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abuse Administration Admiralty allowance amount annual annum appears appointed army Bank bills bishop borough brother brother-in-law cause charges Charles chief Church Civil classes Clergy clerk commissioner Commons Company considered continue Court crown debt ditto Droits duke duties earl Edward Emoluments England Established estimate exchequer Expenditure expense foreign four fund George give governor Grants Henry House income increase India individuals influence interest Ireland James John judges justice king king's lady land late less List livings London lord Lottery March marquis master ment millions ministers object origin paid parliament pension persons Places Police poor present Prince principle profit received reform relations render respect Returns Robert royal salaries says secretary Sinecures statement thing Thomas trade treasury viscount whole
Page 446 - That no person who has an office or place of profit under the King, or receives a pension from the Crown, shall be capable of serving as a Member of the House of Commons.
Page 276 - Because they .promise them both by their Sureties ; which promise, when they come to age, themselves are bound to perform.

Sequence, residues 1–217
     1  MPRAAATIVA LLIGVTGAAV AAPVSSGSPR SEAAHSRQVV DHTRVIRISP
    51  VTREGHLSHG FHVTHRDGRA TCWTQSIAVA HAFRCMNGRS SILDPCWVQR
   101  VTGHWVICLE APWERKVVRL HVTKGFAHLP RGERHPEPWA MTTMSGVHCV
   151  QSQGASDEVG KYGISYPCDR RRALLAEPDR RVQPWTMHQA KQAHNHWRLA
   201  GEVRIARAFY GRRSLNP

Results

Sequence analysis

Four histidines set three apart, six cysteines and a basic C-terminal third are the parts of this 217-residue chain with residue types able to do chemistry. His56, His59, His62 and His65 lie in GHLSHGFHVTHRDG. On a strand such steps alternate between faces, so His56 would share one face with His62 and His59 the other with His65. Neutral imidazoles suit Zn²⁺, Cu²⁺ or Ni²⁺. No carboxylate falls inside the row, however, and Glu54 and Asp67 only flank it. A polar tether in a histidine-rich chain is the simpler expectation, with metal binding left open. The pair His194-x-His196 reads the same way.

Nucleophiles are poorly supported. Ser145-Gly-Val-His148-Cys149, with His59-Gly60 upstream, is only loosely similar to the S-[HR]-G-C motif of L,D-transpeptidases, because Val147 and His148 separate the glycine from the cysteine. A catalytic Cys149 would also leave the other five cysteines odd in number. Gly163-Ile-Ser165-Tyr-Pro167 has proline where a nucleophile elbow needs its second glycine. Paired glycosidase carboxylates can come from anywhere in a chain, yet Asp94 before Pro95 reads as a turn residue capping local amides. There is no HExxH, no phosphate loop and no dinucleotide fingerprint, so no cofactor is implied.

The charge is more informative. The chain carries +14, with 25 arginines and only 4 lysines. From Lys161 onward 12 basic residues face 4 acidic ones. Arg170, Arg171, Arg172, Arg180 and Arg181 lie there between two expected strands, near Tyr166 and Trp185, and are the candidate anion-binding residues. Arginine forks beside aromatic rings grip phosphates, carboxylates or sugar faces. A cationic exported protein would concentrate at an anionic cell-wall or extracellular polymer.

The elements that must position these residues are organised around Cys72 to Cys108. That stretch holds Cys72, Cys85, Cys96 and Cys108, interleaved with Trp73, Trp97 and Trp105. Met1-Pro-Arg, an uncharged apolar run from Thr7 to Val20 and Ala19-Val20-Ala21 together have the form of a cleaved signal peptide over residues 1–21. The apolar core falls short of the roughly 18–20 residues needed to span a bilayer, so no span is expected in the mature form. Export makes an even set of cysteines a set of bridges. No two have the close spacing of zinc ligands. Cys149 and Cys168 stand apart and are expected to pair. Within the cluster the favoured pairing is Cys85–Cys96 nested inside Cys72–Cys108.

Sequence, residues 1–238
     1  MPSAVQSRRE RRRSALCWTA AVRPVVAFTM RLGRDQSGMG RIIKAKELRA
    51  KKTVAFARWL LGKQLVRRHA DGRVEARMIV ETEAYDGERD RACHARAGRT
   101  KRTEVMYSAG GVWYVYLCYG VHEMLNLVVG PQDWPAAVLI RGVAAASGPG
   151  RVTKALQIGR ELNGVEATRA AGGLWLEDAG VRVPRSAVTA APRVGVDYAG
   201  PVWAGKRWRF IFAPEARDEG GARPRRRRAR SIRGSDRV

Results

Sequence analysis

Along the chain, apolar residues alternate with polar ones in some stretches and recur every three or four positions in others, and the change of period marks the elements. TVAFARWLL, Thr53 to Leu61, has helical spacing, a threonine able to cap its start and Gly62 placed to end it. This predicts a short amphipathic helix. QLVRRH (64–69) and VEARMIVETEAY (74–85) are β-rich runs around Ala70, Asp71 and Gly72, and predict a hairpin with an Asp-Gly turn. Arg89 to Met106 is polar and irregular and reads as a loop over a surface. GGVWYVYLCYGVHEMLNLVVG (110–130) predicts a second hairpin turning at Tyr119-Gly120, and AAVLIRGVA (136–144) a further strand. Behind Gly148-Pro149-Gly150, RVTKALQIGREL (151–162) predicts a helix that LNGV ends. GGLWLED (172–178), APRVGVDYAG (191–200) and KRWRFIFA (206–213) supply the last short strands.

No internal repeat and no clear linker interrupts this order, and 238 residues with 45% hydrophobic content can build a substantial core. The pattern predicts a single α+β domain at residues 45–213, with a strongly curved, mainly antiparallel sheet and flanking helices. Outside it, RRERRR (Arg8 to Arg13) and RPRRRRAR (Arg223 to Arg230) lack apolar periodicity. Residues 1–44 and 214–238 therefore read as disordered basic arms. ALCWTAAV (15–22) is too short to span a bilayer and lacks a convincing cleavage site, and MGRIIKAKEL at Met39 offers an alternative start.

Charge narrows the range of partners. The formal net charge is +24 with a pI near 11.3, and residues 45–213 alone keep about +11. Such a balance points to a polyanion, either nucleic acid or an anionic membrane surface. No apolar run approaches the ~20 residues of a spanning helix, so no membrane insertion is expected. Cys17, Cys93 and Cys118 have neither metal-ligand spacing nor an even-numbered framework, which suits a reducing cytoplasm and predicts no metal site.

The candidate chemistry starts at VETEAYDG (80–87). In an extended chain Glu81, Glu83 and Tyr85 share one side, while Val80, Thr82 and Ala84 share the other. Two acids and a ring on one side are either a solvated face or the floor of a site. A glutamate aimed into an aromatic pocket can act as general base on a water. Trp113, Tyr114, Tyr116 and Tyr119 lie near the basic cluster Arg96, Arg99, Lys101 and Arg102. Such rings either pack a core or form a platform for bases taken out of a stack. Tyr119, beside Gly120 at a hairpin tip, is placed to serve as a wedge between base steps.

Page 286 - Receive the Holy Ghost for the Office and work of a Priest in the Church of God, now committed unto thee by the Imposition of our hands. Whose sins thou dost forgive, they are forgiven; and whose sins thou dost retain, they are retained.
Page 279 - At the first establishment of parochial clergy the tithes of the parish were distributed in a fourfold division, — one for the use of the bishop, another for maintaining the fabric of the church, a third for the poor, and the fourth to provide for the incumbent.
Page 330 - They are not in trouble as other men ; neither are they plagued like other men. 6 Therefore pride compasseth them about as a chain ; violence covereth them as a garment. 7 Their eyes stand out with fatness: they have more than heart could wish.
Page 113 - But when the reason of old establishments is gone, it is absurd to preserve nothing but the burthen of them. This is superstitiously to embalm a carcass not worth an ounce of the gums that are used to preserve it.
Page 394 - Duke of Cornwall and Rothsay, Earl of Chester and Carrick, Baron of Renfrew, Lord of the Isles, Great Steward of Scotland, High Steward of Plymouth, Colonel of the 10th Regiment of Dragoons, and Capt.-General of the Hon.
Page 114 - ... all courts, in all ages, JOBS, were still alive ; for whose sake alone it is that any trace of ancient grandeur is suffered to remain. These palaces are a true emblem of some governments ; the inhabitants are decayed, but the governors and magistrates still flourish. They put me in mind of Old...